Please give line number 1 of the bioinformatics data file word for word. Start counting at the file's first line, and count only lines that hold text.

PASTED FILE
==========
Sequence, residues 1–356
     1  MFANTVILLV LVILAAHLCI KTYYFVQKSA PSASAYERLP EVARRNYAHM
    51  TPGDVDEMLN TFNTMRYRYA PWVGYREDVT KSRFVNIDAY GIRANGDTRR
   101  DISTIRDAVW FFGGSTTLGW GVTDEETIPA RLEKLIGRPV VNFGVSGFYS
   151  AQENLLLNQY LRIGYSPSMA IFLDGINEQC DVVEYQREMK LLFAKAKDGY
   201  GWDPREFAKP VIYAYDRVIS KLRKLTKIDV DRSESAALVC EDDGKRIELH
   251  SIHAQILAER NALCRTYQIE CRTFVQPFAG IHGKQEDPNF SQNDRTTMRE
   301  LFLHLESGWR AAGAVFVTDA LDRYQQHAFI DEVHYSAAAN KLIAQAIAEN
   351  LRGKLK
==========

Sequence, residues 1–356